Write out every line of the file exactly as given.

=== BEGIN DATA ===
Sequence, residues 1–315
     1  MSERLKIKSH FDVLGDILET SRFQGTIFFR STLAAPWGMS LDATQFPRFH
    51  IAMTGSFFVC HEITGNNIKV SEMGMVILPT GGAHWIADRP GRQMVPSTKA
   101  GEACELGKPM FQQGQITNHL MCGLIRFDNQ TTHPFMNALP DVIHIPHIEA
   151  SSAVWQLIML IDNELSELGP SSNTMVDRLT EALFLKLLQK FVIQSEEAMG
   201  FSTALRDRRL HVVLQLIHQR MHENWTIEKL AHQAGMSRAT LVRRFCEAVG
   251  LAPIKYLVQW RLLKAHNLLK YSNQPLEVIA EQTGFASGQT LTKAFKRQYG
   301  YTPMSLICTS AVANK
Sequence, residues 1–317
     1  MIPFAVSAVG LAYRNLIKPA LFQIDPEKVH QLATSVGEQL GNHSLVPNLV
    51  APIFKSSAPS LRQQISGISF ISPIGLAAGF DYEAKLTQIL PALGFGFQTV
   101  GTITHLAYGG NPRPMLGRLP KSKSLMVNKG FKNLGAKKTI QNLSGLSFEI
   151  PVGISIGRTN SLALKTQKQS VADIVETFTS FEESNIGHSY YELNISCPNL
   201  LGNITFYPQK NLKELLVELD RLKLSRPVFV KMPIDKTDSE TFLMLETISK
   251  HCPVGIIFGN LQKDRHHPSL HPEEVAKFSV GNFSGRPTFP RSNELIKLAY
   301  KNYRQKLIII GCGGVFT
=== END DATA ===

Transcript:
Sequence, residues 1–315
     1  MSERLKIKSH FDVLGDILET SRFQGTIFFR STLAAPWGMS LDATQFPRFH
    51  IAMTGSFFVC HEITGNNIKV SEMGMVILPT GGAHWIADRP GRQMVPSTKA
   101  GEACELGKPM FQQGQITNHL MCGLIRFDNQ TTHPFMNALP DVIHIPHIEA
   151  SSAVWQLIML IDNELSELGP SSNTMVDRLT EALFLKLLQK FVIQSEEAMG
   201  FSTALRDRRL HVVLQLIHQR MHENWTIEKL AHQAGMSRAT LVRRFCEAVG
   251  LAPIKYLVQW RLLKAHNLLK YSNQPLEVIA EQTGFASGQT LTKAFKRQYG
   301  YTPMSLICTS AVANK
Sequence, residues 1–317
     1  MIPFAVSAVG LAYRNLIKPA LFQIDPEKVH QLATSVGEQL GNHSLVPNLV
    51  APIFKSSAPS LRQQISGISF ISPIGLAAGF DYEAKLTQIL PALGFGFQTV
   101  GTITHLAYGG NPRPMLGRLP KSKSLMVNKG FKNLGAKKTI QNLSGLSFEI
   151  PVGISIGRTN SLALKTQKQS VADIVETFTS FEESNIGHSY YELNISCPNL
   201  LGNITFYPQK NLKELLVELD RLKLSRPVFV KMPIDKTDSE TFLMLETISK
   251  HCPVGIIFGN LQKDRHHPSL HPEEVAKFSV GNFSGRPTFP RSNELIKLAY
   301  KNYRQKLIII GCGGVFT